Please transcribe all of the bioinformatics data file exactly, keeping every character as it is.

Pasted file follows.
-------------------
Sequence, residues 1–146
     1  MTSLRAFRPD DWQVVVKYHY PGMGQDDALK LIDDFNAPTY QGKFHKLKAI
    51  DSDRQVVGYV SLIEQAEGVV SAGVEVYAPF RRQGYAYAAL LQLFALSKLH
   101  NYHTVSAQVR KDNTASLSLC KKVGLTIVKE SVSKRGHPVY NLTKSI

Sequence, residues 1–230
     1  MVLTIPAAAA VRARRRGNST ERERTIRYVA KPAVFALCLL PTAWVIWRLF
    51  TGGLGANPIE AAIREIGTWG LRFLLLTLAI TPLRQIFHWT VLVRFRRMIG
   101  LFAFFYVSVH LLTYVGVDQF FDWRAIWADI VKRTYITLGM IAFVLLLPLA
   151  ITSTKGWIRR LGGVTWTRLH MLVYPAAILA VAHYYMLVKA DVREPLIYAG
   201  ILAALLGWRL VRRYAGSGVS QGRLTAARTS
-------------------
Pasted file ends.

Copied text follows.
Sequence, residues 1–146
     1  MTSLRAFRPD DWQVVVKYHY PGMGQDDALK LIDDFNAPTY QGKFHKLKAI
    51  DSDRQVVGYV SLIEQAEGVV SAGVEVYAPF RRQGYAYAAL LQLFALSKLH
   101  NYHTVSAQVR KDNTASLSLC KKVGLTIVKE SVSKRGHPVY NLTKSI

Sequence, residues 1–230
     1  MVLTIPAAAA VRARRRGNST ERERTIRYVA KPAVFALCLL PTAWVIWRLF
    51  TGGLGANPIE AAIREIGTWG LRFLLLTLAI TPLRQIFHWT VLVRFRRMIG
   101  LFAFFYVSVH LLTYVGVDQF FDWRAIWADI VKRTYITLGM IAFVLLLPLA
   151  ITSTKGWIRR LGGVTWTRLH MLVYPAAILA VAHYYMLVKA DVREPLIYAG
   201  ILAALLGWRL VRRYAGSGVS QGRLTAARTS